Both the author and publisher tag can’t be used on the same page and if the publisher tag is used, it’s only for the homepage, not internal pages. You can use the author tag for internal pages with content. It’s still a good idea to use Google’s “rel=publisher” tag, but you won’t get the image in your SERP listing like you do by using the authorship tag.
It’s important to remember that a Google+ profile needs to be set up in order to implement the Authorship Markup and take advantages of its benefits. To set up a personal profile, you can go here. Business profiles can be set up here.
The benefits of doing this are:
- It makes your listing more robust, because it includes a photo, your name and links to more content by you. There are also indicators that your authorship markup may give you a boost in rankings. While some say it doesn’t directly help, others have reported an increase in rankings after implementing it.
- Your authorship markup also helps you build trust as it establishes you as a real person in the often-anonymous online world.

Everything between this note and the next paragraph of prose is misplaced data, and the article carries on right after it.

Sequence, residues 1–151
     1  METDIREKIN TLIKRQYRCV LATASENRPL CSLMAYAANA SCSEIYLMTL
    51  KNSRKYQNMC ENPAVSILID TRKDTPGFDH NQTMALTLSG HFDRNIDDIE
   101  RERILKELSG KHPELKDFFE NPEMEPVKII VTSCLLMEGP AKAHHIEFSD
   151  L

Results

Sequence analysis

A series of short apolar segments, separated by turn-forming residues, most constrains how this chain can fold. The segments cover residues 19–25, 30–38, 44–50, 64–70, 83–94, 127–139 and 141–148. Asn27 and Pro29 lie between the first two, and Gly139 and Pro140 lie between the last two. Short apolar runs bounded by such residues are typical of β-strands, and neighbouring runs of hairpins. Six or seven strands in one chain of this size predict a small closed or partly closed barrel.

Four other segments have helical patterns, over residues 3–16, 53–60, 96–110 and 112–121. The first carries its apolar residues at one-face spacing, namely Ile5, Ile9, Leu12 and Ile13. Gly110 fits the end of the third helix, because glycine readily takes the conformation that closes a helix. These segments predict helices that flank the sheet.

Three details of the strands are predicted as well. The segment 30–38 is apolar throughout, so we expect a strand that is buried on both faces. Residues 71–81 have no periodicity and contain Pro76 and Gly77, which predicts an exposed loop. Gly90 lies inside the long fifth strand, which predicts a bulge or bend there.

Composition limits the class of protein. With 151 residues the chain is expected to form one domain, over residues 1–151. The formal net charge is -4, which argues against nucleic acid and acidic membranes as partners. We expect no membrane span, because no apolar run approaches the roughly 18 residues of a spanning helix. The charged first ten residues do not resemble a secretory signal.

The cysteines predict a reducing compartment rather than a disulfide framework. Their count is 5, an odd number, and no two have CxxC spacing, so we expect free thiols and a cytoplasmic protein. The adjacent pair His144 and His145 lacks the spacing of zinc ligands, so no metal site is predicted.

- It also allows you to claim your name (you don’t want someone trying to steal your name!) and your content (you’ll be seen as the original and rightful owner of the content and won’t have to worry about a “copy scraper” outranking you).
- You can improve your click-through rate by playing with your profile image that’s shown in the SERPs. Images that perform best seem to be close-ups where the eyes are looking to the right towards the listing in the SERPs.
Once you’ve completed the profile and you start posting, keep in mind that the first sentence of your Google+ post becomes part of the title tag, which impacts rankings and influences click-through rates. A word of warning is that Google doesn’t tolerate “spammy” practices, so it’s vital not to turn your profile into a link farm!
There are a lot of different ways to connect with influencers in your industry and networking on Google+ with those is one of the core focuses of Google+ users. It’s fairly easy to do because there are so many ways to do it, but be sure you don’t abuse the privilege, as if you become seen as a spammer, it will be very difficult to grow your presence.
While Google+ numbers aren’t as large as Facebook, they are growing and as with most things, it’s the early adopters that do well in the long run. So it’s worth beginning now to establish your position. Google+ is probably here to stay and also likely to get more important to your rankings and traffic.